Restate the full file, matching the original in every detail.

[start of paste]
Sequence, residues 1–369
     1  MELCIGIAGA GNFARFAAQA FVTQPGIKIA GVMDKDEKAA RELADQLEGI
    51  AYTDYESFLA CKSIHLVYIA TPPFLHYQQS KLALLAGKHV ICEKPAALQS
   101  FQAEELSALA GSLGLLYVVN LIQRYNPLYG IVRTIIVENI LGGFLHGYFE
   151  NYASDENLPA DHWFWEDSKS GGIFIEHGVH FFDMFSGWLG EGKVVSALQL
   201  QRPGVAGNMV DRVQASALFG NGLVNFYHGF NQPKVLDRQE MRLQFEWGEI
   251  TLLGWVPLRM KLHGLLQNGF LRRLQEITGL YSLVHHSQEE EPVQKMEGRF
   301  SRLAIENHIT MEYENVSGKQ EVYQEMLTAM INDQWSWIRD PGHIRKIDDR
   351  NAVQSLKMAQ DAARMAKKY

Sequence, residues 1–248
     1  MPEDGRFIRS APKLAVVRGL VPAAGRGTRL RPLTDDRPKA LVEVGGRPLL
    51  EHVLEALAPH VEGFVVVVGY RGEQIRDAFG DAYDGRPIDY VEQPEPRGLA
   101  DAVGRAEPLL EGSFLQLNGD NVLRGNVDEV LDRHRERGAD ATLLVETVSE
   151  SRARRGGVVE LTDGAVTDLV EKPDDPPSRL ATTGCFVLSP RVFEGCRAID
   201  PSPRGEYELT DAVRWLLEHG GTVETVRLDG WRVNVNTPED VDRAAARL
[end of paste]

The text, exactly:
Sequence, residues 1–369
     1  MELCIGIAGA GNFARFAAQA FVTQPGIKIA GVMDKDEKAA RELADQLEGI
    51  AYTDYESFLA CKSIHLVYIA TPPFLHYQQS KLALLAGKHV ICEKPAALQS
   101  FQAEELSALA GSLGLLYVVN LIQRYNPLYG IVRTIIVENI LGGFLHGYFE
   151  NYASDENLPA DHWFWEDSKS GGIFIEHGVH FFDMFSGWLG EGKVVSALQL
   201  QRPGVAGNMV DRVQASALFG NGLVNFYHGF NQPKVLDRQE MRLQFEWGEI
   251  TLLGWVPLRM KLHGLLQNGF LRRLQEITGL YSLVHHSQEE EPVQKMEGRF
   301  SRLAIENHIT MEYENVSGKQ EVYQEMLTAM INDQWSWIRD PGHIRKIDDR
   351  NAVQSLKMAQ DAARMAKKY

Sequence, residues 1–248
     1  MPEDGRFIRS APKLAVVRGL VPAAGRGTRL RPLTDDRPKA LVEVGGRPLL
    51  EHVLEALAPH VEGFVVVVGY RGEQIRDAFG DAYDGRPIDY VEQPEPRGLA
   101  DAVGRAEPLL EGSFLQLNGD NVLRGNVDEV LDRHRERGAD ATLLVETVSE
   151  SRARRGGVVE LTDGAVTDLV EKPDDPPSRL ATTGCFVLSP RVFEGCRAID
   201  PSPRGEYELT DAVRWLLEHG GTVETVRLDG WRVNVNTPED VDRAAARL